The biggest hurdle for Selover was the mental aspect of it and how it would change his eating habits.
“For me, the hardest part was getting my head wrapped around it. Food was a good friend of mine. It was kind of like, ‘can I do this or not?’” he said.
A personalized plan
There are three types of weight loss surgery patients can choose from; gastric bypass, sleeve gastrectomy and gastric banding. In the gastric banding, a flexible band is placed around the stomach to create two pouches. For the bypass surgery, a portion of the intestine is cut and then reconnected. In the sleeve gastrectomy, 75 percent of the stomach is removed so that it becomes a tubular shape like a sleeve. Choosing which surgery to have is a personal choice, said Gatschet. Before deciding, patients will spend about 35 to 40 minutes talking with the doctor about their condition, the medical procedures and their concerns. Many of them go for the gastric bypass because it has been around longer and people like that security, Gatschet said.
“It’s very personalized and a very collaborative experience. One size does not fit all surgeries,” she said.
With a high success rate, the surgery is considered the “gold standard” of bariatric surgery and has been performed since the 1960s.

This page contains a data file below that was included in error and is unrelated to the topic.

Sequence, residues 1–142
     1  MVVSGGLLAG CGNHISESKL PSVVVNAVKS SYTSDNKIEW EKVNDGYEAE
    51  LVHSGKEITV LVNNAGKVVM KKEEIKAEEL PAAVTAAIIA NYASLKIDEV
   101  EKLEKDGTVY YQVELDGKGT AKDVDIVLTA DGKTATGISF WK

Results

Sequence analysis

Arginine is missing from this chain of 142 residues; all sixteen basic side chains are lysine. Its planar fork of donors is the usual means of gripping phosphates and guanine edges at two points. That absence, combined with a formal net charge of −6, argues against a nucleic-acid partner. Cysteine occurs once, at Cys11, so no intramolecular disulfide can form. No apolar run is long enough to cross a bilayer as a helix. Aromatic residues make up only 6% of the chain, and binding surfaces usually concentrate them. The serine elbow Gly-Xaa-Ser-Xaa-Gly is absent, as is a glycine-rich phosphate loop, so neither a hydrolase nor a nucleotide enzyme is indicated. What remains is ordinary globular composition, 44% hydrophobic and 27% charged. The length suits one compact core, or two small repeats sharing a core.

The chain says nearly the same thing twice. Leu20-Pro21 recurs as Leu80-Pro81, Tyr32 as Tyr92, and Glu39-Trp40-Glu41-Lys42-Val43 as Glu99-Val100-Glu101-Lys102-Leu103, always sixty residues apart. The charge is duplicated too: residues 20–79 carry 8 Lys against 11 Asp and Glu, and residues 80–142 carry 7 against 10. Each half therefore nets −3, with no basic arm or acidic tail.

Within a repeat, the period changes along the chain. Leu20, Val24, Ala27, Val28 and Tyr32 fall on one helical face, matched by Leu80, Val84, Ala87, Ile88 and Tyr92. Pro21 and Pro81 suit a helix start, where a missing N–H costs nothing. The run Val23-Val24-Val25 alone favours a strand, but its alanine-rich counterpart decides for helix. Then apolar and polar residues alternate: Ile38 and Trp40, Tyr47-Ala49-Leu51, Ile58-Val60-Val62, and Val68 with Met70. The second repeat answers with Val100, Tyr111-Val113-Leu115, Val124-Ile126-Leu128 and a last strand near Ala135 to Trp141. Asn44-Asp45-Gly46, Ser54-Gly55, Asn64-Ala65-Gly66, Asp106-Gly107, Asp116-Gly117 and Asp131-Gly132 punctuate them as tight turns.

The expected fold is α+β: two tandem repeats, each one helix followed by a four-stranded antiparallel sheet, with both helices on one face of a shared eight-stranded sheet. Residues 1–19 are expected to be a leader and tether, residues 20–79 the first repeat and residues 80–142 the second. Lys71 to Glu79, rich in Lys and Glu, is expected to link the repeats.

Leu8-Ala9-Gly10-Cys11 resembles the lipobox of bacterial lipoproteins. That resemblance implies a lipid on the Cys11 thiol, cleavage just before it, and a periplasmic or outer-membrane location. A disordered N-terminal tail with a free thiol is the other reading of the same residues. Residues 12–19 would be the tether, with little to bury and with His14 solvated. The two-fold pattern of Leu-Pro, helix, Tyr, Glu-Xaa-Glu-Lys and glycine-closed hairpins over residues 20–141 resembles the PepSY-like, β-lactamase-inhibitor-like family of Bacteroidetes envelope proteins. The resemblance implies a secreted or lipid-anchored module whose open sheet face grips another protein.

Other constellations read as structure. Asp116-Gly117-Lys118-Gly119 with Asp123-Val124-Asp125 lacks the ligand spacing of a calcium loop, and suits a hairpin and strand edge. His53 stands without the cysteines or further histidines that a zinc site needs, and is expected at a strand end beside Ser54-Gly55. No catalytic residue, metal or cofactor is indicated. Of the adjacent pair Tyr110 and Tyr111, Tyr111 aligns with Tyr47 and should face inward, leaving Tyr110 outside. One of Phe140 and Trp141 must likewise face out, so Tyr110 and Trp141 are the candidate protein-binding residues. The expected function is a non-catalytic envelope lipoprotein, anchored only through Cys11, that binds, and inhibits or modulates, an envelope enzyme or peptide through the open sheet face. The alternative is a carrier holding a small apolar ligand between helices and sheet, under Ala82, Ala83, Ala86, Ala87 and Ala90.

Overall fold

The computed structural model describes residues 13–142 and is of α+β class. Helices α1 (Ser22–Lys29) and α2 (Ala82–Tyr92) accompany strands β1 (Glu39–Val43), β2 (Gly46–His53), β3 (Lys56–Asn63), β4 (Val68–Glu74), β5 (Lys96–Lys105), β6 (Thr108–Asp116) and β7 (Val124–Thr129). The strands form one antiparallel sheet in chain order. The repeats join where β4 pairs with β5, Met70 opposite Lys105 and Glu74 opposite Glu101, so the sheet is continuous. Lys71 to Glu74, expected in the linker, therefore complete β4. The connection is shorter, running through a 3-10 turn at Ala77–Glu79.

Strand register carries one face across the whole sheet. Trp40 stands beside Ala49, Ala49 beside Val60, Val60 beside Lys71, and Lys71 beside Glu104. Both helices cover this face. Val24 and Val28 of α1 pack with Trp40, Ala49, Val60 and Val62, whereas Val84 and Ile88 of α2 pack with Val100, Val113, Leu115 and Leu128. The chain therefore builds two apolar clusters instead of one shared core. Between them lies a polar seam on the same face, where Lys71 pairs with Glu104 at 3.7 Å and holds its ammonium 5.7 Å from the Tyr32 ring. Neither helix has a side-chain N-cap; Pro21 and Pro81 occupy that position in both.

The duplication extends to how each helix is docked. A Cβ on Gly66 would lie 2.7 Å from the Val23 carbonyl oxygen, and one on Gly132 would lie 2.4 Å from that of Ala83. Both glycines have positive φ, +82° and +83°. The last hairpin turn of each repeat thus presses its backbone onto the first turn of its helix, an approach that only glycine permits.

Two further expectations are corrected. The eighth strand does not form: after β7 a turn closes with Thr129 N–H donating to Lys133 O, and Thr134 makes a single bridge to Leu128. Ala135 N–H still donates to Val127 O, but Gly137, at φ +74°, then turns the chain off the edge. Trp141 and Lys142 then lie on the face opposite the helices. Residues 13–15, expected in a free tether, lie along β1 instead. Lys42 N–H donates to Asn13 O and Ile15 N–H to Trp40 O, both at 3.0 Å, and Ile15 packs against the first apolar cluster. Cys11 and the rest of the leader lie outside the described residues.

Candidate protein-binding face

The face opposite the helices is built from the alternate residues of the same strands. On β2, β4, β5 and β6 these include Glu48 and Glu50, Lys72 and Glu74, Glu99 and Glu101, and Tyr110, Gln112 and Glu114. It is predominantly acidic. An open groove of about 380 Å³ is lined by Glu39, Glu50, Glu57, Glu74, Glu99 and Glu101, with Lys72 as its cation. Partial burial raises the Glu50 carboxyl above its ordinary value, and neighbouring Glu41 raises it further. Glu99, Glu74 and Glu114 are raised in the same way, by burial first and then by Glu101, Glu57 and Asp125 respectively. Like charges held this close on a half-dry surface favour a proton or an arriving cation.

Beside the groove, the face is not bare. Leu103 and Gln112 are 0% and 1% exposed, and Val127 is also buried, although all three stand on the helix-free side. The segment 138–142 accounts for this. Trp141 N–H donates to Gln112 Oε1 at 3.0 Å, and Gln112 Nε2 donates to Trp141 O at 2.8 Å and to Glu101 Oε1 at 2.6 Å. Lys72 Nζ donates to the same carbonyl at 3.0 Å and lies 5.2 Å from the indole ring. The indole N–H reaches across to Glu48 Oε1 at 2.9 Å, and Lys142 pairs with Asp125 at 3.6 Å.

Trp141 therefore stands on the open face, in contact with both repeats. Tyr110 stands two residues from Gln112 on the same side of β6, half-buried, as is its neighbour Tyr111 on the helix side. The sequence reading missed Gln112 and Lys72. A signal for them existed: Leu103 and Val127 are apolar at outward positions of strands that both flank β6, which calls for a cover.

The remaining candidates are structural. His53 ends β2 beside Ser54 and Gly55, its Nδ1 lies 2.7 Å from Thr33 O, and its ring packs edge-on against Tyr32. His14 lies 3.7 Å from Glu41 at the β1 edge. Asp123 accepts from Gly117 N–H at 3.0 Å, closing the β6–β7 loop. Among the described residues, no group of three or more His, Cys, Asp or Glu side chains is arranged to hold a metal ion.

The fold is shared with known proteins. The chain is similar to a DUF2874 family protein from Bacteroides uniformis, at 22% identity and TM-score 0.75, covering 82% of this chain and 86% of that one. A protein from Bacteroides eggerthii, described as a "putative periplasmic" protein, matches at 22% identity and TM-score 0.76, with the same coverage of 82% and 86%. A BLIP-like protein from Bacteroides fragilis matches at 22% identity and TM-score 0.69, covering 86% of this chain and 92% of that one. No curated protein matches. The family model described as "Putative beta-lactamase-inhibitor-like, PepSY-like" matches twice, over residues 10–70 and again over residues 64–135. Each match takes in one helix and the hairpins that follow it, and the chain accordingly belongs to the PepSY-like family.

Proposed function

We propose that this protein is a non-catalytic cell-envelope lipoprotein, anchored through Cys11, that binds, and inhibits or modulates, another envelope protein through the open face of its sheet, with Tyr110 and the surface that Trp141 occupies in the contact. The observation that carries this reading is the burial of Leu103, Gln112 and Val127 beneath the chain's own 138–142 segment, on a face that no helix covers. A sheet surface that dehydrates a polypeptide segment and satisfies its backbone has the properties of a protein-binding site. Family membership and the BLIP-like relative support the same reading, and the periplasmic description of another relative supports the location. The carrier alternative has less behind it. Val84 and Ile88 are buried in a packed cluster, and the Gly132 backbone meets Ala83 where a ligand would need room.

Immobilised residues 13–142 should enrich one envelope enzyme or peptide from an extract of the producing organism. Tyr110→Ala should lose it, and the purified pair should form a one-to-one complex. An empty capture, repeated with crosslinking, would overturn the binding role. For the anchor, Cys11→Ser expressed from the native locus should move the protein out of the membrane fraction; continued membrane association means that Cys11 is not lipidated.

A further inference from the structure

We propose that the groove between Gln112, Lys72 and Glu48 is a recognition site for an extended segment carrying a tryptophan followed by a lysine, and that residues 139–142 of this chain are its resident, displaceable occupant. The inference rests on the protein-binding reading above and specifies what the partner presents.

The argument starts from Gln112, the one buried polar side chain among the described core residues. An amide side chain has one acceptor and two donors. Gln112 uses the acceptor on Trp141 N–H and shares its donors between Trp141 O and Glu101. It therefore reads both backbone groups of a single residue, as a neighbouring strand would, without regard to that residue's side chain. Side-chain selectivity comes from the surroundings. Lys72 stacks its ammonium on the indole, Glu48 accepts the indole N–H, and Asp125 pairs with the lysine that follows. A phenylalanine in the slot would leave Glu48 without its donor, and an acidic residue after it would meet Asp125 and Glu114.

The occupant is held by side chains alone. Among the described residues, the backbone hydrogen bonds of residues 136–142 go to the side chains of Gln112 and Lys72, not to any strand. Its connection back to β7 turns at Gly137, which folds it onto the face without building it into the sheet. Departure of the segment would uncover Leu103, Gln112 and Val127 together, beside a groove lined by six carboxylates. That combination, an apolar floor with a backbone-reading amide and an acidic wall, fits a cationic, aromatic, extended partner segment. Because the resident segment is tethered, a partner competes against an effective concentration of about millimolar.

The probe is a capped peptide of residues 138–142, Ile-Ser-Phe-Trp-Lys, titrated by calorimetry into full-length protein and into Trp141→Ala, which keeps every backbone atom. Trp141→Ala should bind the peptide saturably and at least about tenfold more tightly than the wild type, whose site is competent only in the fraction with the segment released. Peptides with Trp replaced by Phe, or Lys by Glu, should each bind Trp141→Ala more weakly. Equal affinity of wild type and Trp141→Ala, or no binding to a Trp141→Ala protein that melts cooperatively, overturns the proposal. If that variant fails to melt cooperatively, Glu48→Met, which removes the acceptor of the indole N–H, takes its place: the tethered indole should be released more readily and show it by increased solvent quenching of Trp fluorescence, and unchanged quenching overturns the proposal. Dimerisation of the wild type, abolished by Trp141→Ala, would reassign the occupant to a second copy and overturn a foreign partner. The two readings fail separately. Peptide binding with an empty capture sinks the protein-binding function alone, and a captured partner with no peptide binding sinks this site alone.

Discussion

After talking with Dr. Gatschet about the weight loss surgery options, it was determined that gastric bypass would be Selover’s best option.
The surgery is done by laproscopy, where thin tubes are placed inside five small incisions to access the abdominal organs. Selover went in for his surgery on Jan. 19. Two to three hours later, he woke up in recovery. After an overnight hospital stay, Selover was required to do some walking before being released. Walking after surgery is very important to prevent blood clots from forming in the legs, Gatschet said.
Most people are surprised by how little pain they feel and are able to return to work after the first week following surgery, said Gatschet. She encourages people to wait two weeks so they can plan their new menus and adjust to a new dietary schedule of eating proteins, fruit and vegetables three to five times a day.
“It’s better for them to have that extra window to have a game plan,” she said.
Selover’s only discomfort was feeling like he had done a lot of sit ups, he said. He returned to work after one week, although for the first three weeks fatigue set in the afternoons.
Weight that falls off
Following surgery, people begin a weight loss trend right away and can lose as much as a pound a day, said Gatschet. Many begin to notice little things such as being able to fit in chairs, the ability to bend over to tie shoes or to cross their legs.